Aside from San Francisco I don't know of any other place that could pay 120K salary right out of college or with a couple of certifications. Even more so if you are a No One coming from no where with just a certification in your hand.
Let me clarify, just because someone does not have experience in the corporate America does not make them entry level.
There are plenty of stories out there of guys teaching themselves and getting a $200K+ (salary & bonus/stocks) job with their first corporate experience, but they had a deep understanding of the skills they were going to use in that job, and plenty of non formal experience.
Realistic entry level job salaries in IT/Programming are somewhere in the mid $60K to mid $70K. That comes from someone who had 7 job offers upon graduation from Fortune 100 companies(Cisco was one of them), and my classmates had similar salaries offers from other Fortune 100 companies(Cisco, GE, IBM and a bunch of other financial companies)
Most companies have flat entry level salary offers, which take off real quick after a couple of years of experience, both through internal promotions and switching places.
Let's not forget that the median income in US is around $52K, so let's show realistic aspirations for anyone trying to get into IT. So Yes, you can make more than most of americans right out of college if you try to get the IT/Programming route.
Based on the limited time in the Corporate America, I can tell you that the big money is made by those who get into management, and a lot of Engineers switch to those roles after they reach a ceiling in technical growth and earnings. And if you have above average People Skills that goes a long way in the IT industry, where you'll have very little competition in that regards.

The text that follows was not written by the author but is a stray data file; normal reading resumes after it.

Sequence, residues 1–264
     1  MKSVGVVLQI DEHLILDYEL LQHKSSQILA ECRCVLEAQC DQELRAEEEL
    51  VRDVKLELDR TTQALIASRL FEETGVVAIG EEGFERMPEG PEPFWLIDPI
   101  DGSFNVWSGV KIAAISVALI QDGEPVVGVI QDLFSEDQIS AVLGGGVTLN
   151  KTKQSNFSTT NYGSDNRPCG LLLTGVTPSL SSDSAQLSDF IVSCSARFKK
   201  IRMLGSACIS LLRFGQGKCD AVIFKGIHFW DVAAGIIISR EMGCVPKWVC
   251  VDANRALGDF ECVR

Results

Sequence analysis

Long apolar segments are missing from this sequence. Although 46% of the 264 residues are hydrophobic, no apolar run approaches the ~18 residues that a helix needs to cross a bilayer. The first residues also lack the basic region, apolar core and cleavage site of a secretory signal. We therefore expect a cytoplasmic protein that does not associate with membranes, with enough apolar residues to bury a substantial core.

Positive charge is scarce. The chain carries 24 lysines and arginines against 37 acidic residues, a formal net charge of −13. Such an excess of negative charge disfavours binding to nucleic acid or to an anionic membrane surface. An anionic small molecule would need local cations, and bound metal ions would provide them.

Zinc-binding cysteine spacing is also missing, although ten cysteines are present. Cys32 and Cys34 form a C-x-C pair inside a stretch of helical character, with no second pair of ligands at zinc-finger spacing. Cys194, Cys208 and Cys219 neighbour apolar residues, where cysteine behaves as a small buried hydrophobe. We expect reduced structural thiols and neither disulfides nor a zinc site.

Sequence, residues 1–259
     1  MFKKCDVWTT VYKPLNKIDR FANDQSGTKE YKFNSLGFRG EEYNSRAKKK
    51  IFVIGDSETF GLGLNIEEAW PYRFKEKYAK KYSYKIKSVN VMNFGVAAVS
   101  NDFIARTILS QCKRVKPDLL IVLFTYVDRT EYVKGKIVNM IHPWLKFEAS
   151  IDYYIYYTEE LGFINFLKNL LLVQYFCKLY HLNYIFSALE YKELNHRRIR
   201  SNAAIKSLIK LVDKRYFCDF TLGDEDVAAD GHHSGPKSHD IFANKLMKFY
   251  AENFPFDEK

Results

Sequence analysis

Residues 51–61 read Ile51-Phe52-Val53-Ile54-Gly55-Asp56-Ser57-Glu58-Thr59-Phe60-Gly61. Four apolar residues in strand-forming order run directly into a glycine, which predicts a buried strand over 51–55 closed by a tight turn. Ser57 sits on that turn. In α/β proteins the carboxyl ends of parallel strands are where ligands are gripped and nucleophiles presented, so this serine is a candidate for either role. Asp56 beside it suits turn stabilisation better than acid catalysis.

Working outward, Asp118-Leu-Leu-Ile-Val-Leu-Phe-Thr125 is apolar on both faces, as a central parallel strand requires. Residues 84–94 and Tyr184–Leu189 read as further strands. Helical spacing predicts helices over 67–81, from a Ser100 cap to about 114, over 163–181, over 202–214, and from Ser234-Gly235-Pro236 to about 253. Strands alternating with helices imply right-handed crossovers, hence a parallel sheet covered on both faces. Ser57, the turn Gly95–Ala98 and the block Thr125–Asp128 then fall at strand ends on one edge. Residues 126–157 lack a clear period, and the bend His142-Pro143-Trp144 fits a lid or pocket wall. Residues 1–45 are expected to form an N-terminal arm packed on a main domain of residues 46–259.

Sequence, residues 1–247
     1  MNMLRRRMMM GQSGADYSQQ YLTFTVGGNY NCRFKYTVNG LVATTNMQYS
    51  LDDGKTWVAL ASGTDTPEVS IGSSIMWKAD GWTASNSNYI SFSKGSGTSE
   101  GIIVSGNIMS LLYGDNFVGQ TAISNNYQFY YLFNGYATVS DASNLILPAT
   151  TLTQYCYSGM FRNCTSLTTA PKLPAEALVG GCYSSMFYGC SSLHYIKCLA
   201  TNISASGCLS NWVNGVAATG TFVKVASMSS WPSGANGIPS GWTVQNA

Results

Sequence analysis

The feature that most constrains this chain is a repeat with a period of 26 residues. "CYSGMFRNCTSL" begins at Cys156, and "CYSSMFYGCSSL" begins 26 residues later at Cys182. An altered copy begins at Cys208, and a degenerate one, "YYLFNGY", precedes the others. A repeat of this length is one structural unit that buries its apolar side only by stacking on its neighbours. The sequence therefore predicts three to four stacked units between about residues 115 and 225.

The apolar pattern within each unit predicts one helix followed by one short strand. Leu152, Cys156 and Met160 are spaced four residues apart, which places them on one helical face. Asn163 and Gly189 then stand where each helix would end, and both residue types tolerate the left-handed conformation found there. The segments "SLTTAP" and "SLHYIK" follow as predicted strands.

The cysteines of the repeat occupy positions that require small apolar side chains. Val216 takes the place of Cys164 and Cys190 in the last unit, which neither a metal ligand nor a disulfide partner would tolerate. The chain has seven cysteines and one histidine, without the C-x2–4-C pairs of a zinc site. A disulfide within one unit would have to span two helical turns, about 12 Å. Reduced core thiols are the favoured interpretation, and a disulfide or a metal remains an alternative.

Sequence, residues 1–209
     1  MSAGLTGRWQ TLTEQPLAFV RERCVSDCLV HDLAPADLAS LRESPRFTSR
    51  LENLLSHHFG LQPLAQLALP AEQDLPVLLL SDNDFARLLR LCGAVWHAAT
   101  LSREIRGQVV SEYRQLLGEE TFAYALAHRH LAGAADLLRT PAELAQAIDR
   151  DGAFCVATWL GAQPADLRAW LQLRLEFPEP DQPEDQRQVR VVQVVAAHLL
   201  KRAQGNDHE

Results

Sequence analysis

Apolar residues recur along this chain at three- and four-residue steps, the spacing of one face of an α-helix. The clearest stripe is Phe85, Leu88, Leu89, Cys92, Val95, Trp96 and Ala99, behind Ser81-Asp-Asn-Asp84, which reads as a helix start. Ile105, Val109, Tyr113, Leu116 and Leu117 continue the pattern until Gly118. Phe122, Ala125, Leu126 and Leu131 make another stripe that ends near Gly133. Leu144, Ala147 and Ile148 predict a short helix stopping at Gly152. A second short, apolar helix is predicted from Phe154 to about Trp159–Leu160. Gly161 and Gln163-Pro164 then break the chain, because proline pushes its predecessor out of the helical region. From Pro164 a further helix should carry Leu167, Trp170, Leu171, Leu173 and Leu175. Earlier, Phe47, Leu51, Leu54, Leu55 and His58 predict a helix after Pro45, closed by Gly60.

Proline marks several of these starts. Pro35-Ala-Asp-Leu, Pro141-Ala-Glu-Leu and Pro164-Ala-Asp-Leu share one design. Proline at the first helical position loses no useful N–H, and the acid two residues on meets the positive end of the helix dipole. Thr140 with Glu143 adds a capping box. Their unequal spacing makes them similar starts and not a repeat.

That's why I wouldn't recommend the contractor route to people. Social skills and networking can be best leveraged by being permanent employee and climbing ranks in the corporate environment.
RelapsingAWOL wrote: I do have my CCNA certification. Honestly, i feel it is a dead end. Too much maintenance and storage needed etc. Go straight to the cloud. Could be Amazon, Google or MS Azure. Just do it.
Sounds good. acloud.guru is awesome.
One question though: What do I need to know (what skills should I have or courses should I take) before taking these courses? I have no IT experience at all.
Been busy. Sorry. Python for which you could check out the free courses on Udemy and then proceed to free manuals via reddit/learnpython, from there jump into boto3 and Ansible.
I learned with Amazon that training is different. You really dont need to read as much as do. There is so much lacking in the user guides, it's better to just learn by doing. I have no IT experience at all and am preparing for my second exam the AWS Sysops.
Oh, and from now on, only use Linux> I would recommend fedora or CentOS. There is a book called the LINUX BIBLE by Christopher Negus that should be more than enough. You probably can get it through the library. I did.